Theater Review: “Jewtopia”
“Oy Gevalt!” Adam (Chris Hester) has brought home the shiksa, again. Time, in other words, for mom, Arlene (Liz Herlich), to get a little more liberal with the Manischevitz tonight.
Yet, wait everyone knows Jews aren’t heavy drinkers. Like seriously Arlene, you’re giving us Jews a bad rap. But you see Bryan Fogel and Sam Wolfson’s “Jewtopia,” HATTheatre’s submission into the Acts of Faith Festival, is all about Jewish stereotypes: Jews move tables at restaurants, Jews don’t hunt or go boating on the boats they own, Jewish women play mahjong (well, that one’s true, ask my mother), and Jewish men certainly don’t like Jewish women. (Is that because they don’t buy retail?)
It’s the last stereotype that sets up the show: Adam is Jewish, but has an aversion to dating Jewish girls. However, his friend Chris O’Connell (Lucas Hall), an Irish Catholic, only wants to marry a Jewish girl so he never has to make another decision in his life. Chris offers to help Adam score Jewish chicks and signs him up for JDate.com, the Jewish dating site.
Adam’s prospects don’t look too good after a few dates with religious Jewish girl, butch (possible lesbian?) Jewish girl, and artsy fartsy, feminist Jewish girl. In the meantime, Chris has fallen for Alison Cohen (a cute Sarah Robins) and plans to convert to Judaism. (Snip snip!) God forbid Adam might marry a Kennedy instead of a Rosenbaum!
But Jewish, schmewish—director Vickie L. Scallion has infused Fogel and Wolfson’s pretty much bupkis script with laugh-out-loud humor, particularly in Act II during the Passover Seder scene.
Yes, there are bothersome stereotypes, particularly those that paint Jewish women in a negative light, and annoying subplots dealing with Chris’ inability to say “I Love You, Dad” to his father and Adam’s scandal at his Bar Mitzvah, but I sense that Fogel and Wolfson have decided to leave the realm of serious Jewish drama to other playwrights.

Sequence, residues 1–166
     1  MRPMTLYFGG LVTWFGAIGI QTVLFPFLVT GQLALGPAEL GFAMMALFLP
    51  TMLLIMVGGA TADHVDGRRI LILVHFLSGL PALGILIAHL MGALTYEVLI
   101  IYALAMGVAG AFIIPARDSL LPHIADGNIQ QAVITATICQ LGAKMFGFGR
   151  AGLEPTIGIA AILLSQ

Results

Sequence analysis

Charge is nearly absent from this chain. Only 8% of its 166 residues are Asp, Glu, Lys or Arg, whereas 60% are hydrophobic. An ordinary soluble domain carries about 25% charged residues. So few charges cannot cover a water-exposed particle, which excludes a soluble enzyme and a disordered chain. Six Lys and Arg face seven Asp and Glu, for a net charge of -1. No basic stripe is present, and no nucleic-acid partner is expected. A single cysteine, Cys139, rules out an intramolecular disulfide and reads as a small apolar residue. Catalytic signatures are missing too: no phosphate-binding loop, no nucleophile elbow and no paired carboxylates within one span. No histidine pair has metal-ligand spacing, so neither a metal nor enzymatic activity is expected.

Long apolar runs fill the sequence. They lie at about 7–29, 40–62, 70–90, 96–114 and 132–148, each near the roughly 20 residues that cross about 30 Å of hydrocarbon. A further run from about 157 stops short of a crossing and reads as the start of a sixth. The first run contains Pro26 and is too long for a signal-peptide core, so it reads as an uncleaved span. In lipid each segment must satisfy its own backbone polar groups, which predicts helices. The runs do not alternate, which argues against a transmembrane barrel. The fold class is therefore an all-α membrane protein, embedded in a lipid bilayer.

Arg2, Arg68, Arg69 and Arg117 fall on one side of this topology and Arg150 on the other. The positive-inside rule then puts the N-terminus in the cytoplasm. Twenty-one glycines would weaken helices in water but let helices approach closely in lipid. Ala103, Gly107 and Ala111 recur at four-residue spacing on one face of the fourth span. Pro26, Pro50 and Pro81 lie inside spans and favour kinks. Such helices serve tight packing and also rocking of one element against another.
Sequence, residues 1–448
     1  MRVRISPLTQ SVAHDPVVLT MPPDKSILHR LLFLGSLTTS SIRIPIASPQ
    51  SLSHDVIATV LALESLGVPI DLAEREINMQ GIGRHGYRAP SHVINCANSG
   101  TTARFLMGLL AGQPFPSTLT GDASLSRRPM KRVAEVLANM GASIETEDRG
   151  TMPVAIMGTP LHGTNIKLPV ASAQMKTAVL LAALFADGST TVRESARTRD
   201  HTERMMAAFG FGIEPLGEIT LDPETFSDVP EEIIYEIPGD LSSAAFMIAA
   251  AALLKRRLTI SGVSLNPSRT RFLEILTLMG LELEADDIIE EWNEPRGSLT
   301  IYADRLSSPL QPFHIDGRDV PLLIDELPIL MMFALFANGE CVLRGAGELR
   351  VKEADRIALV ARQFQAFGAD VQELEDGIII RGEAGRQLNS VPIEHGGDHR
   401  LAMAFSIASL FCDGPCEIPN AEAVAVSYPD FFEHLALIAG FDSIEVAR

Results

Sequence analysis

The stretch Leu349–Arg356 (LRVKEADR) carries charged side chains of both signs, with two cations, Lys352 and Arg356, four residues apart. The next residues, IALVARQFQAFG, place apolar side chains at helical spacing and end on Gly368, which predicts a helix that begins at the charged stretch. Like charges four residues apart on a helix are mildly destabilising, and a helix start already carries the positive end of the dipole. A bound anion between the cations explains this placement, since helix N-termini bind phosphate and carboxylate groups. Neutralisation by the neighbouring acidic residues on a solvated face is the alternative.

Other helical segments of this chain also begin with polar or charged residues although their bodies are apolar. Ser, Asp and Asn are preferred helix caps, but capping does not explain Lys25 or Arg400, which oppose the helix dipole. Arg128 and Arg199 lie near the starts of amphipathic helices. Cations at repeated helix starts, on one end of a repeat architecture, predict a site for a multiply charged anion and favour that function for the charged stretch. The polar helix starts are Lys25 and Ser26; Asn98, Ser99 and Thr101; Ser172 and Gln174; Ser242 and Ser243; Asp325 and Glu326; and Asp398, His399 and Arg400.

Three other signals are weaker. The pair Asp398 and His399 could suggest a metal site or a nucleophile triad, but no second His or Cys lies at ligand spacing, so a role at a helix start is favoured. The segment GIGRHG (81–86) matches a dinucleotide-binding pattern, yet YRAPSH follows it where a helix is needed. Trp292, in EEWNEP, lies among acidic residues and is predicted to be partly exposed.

And amidst a changing scenery of Jewish holidays from Sukkot to Passover under Todd Schall-Vess’ efficient set, a portrait of an austere, gray-bearded Hasidic rebbe glares down on his identity-confused, probably Reform temple affiliated descendents with solemnity and piety, draping the wall unmoved throughout the performance’s 2 ½ hours, as they outrageously deal with contentious, topical Jewish issues like religious intermarriage and cultural assimilation.
Chris Hester adds an anxious but adorable personality to his role as Adam, and Lucas Hall nicely amps up Chris’ enthusiasm for everything Jewish. Michael Dunn stands out humorouly as Rabbi Schlomo, but it’s Nicole Fratkin as Adam’s sassy sister (Jewish girl with an iPod!) and Natasha Liu as Rachel Khan who have the best one-liners of the show in Act II and they do it hilariously.
But like the play’s conclusion, where Jews and Gentiles burst out into song with one another in ecumenical harmony, I was ready to burst out of there. However, one of the lyrics stuck with me, “I’m a Jew and it’s OK.” Despite all the stereotypes, I very much agree.
“Jewtopia” runs through March 18 at HATTheatre. For more information, please visit http://www.hattheatre.org/index.html or to purchase tickets, call (804) 343-6364.
Matthew Miller is the former arts editor and chief theater critic for GAYRVA.com. A Chicago native, he holds a B.A. from the University of Illinois at Urbana-Champaign. He currently resides in Richmond, VA and is a member of the Richmond Theatre Critics Circle. He can be reached at email@example.com. Follow Matthew Miller on Twitter twitter.com/matthewkmiller
For over 20 years, Henrico’s HATTheatre has offered a diverse collection of performances for folks of all ages and it appears the 2016-17 season will continue that trend. The company announced their new theatre season this week and below are the proposed shows. You can pick up season tickets and learn more about the group through [...]August 8, 2016
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